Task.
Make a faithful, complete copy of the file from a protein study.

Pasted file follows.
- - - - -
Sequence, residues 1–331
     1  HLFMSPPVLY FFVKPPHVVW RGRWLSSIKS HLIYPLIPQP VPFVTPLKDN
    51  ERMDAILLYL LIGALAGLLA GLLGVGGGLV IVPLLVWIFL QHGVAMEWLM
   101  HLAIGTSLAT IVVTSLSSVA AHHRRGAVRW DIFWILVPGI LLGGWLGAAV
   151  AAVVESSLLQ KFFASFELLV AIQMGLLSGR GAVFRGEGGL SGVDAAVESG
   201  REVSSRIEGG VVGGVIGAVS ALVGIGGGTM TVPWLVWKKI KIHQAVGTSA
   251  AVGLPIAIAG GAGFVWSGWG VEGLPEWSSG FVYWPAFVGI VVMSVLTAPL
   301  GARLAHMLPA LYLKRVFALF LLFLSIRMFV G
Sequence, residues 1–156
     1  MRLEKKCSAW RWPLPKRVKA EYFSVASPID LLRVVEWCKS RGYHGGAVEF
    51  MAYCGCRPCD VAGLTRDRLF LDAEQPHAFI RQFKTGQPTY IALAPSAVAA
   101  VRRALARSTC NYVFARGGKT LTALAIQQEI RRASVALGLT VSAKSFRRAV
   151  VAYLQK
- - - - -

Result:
Sequence, residues 1–331
     1  HLFMSPPVLY FFVKPPHVVW RGRWLSSIKS HLIYPLIPQP VPFVTPLKDN
    51  ERMDAILLYL LIGALAGLLA GLLGVGGGLV IVPLLVWIFL QHGVAMEWLM
   101  HLAIGTSLAT IVVTSLSSVA AHHRRGAVRW DIFWILVPGI LLGGWLGAAV
   151  AAVVESSLLQ KFFASFELLV AIQMGLLSGR GAVFRGEGGL SGVDAAVESG
   201  REVSSRIEGG VVGGVIGAVS ALVGIGGGTM TVPWLVWKKI KIHQAVGTSA
   251  AVGLPIAIAG GAGFVWSGWG VEGLPEWSSG FVYWPAFVGI VVMSVLTAPL
   301  GARLAHMLPA LYLKRVFALF LLFLSIRMFV G
Sequence, residues 1–156
     1  MRLEKKCSAW RWPLPKRVKA EYFSVASPID LLRVVEWCKS RGYHGGAVEF
    51  MAYCGCRPCD VAGLTRDRLF LDAEQPHAFI RQFKTGQPTY IALAPSAVAA
   101  VRRALARSTC NYVFARGGKT LTALAIQQEI RRASVALGLT VSAKSFRRAV
   151  VAYLQK